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WSO2 API Manager 7 minutes

Working with profiles in WSO2 API Manager

Rob Blaauboer
Rob Blaauboer
Integration Consultant & WSO2 Trainer
Working with profiles in WSO2 API Manager
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In this article we are looking at the profiles of the WSO2 API Manager. What are they and what do they do? You will learn how to optimize a profile as part of a Distributed Distribution of the API Manager. 

Carbon Core 

WSO2 products are for the most part built on the Carbon Core. Carbon Core is a set of libraries that is used by (almost) all products from WSO2. It offers a set of functionalities that all of the products have in common such as clustering capabilities, user management, but also bundle management using the Management UI. These are all part of the Core. There are also the functional components that will make the product behave like an Enterprise Integrator, an API Manager, an Identity Server, or a Streaming Processor.  

Different and the same

Most of these components are jars based on Java. Not all products are the same. And by that, I mean it not from a functional perspective, because of course, the Identity Server, and an API Manager are different types of products, the same goes for the Enterprise Integrator.

You can also argue that the products perhaps are a bit more common than you think, especially when you talk about the API Manager and the Enterprise Integrator. And then, the cooperation between products is also bigger than you might think. For instance, the API Manager has part of the key manager that also is included in the Identity Server. The API Manager and Enterprise Integrator used the same message mediation (Synapse).

The Enterprise Integrator is basically a monolith. It is one big block of functionality that starts on its own JVM, without the possibility of basically allowing it to have a setup in different JVMs with different functionalities. To be complete and correct, when you look at the Enterprise Integrator, also the Message Broker and the Business Process Server as well as the Analytics are like that, but they are, or should be, considered as separate products. They will always run on their own JVM.

What I mean with the monolithic nature of the Enterprise Integrator, and the Micro Integrator as well, is that those products are installed as one big block. The API Manager, however, although it uses similar components, has a setup that is called a distributed deployment.

Running WSO2 API Manager

If you download the WSO2 API Manager zip file, and you run it, you are basically going to get one JVM that has all of the five components of the API Manager in there: Publisher, Devportal, Key Manager, Traffic Manager and Gateway.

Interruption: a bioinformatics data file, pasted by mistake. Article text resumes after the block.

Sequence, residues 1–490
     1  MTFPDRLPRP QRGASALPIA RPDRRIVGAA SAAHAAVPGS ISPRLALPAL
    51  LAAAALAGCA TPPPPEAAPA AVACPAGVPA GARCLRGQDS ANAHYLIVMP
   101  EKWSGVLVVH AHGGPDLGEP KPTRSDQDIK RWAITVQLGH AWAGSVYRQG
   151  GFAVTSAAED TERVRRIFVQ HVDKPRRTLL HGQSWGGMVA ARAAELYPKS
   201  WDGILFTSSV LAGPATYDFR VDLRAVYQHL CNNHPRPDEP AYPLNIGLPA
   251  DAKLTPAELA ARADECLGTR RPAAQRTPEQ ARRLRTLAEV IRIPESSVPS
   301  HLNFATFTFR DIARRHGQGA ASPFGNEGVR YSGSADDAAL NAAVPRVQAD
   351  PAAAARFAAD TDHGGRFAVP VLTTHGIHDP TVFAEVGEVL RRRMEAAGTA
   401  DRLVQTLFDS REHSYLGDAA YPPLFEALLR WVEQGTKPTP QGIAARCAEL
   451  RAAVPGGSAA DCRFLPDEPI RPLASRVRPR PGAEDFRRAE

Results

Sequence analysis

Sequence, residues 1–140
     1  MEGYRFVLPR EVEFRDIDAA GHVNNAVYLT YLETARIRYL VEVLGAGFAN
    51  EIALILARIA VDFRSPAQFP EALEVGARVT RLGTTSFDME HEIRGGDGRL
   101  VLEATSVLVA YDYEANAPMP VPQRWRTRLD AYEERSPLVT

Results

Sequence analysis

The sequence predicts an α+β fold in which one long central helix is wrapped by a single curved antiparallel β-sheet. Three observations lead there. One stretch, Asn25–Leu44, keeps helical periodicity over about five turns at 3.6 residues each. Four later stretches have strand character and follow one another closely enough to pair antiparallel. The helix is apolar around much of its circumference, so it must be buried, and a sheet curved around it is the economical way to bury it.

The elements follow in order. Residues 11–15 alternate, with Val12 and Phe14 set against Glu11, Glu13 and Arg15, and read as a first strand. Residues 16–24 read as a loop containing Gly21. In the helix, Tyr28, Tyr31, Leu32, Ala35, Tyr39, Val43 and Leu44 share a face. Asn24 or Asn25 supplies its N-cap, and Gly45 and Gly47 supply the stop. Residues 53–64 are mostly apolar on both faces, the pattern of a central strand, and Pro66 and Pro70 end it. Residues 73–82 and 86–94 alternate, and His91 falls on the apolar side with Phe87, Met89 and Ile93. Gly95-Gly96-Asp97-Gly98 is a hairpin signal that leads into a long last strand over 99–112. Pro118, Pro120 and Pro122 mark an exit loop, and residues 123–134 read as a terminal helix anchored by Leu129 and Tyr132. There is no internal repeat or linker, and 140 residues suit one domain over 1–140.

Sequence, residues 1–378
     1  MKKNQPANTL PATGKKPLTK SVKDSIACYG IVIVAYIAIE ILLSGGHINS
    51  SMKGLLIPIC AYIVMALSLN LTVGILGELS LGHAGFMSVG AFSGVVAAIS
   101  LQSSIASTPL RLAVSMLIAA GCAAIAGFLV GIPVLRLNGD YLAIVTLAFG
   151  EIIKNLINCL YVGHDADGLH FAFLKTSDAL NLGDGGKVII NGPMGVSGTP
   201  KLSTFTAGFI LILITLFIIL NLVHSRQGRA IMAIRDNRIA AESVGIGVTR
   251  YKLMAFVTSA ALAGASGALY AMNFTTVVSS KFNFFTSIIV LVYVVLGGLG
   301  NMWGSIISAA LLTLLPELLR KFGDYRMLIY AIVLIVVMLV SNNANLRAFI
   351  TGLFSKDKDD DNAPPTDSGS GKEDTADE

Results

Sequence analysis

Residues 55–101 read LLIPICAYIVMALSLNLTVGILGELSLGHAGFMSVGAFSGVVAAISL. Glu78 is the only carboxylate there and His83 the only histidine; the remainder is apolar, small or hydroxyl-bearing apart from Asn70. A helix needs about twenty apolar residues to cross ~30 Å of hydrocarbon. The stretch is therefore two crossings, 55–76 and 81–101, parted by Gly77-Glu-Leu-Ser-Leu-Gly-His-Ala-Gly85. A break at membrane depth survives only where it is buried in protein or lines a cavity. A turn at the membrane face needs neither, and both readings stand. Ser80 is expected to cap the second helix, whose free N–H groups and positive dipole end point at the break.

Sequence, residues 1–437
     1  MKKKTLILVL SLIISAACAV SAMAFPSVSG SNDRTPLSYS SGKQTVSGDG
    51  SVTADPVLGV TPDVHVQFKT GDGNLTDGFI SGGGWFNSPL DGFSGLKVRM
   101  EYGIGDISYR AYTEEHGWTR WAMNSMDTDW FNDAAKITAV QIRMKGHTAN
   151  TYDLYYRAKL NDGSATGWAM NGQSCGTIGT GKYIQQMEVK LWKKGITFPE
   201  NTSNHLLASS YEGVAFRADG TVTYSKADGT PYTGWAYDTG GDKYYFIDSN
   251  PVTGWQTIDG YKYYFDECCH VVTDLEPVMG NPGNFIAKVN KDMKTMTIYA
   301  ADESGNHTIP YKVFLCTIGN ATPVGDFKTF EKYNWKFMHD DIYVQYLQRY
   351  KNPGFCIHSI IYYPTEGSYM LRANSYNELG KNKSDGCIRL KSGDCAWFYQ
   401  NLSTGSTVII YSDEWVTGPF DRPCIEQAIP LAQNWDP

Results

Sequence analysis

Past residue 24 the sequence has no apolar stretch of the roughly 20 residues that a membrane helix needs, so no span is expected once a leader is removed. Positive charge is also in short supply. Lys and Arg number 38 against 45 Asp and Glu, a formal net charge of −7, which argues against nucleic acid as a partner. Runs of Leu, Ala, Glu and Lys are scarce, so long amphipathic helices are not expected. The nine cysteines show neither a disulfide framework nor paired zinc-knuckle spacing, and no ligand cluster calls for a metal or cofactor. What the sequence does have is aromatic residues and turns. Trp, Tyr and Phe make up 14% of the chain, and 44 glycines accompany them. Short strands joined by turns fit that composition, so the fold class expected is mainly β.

Therefore, you could do a distributed setup for distributed deployment, where each of these components can run in their own JVM environments. And one of the things that you can do is to start them with a so-called profile. 

What is a Profile?

A profile is a defined configuration that only loads the OSGi bundles that it needs in order to perform its functionality, as for instance, the Key Manager. This means that the bundles are not necessary for this specific functioning of this component, for instance, the SYNAPSE configuration is not loaded in this specific case. The result is, of course, that we have a lower memory requirement, because instead of all the jar files, we are just loading some of the jar files. So that can be a benefit. 

But how can we see what is actually in those profiles? 

That is what we are going to find out. So how do we know what kind of profiles are available for a specific product? Well, it is quite simple. You take the product and you start, for instance, in a terminal session on Linux, you can also do it on Windows (the functionality is also available for Windows). 

Installing API Manager

I am assuming that you have Java installed (Java 8, or Java 11, OpenJDK or Oracle) and you have set JAVA_HOME. There is now no barrier that would not allow you to do the setup of the running of the API Manager. If you have not installed it, look at this blog about installation of WSO2 products.

So, let’s start the API Manager by unzipping an out-of-the-box version on the desktop and with the prerequisites that I just described, you can basically start the API Manager with the shell or batch script, and it will run. 

In our case, we are going to add another parameter to the API Manager, and that is a parameter -DosgiConsole. So, as you can see here from the screenshot, you just put in a space and then the extra parameter.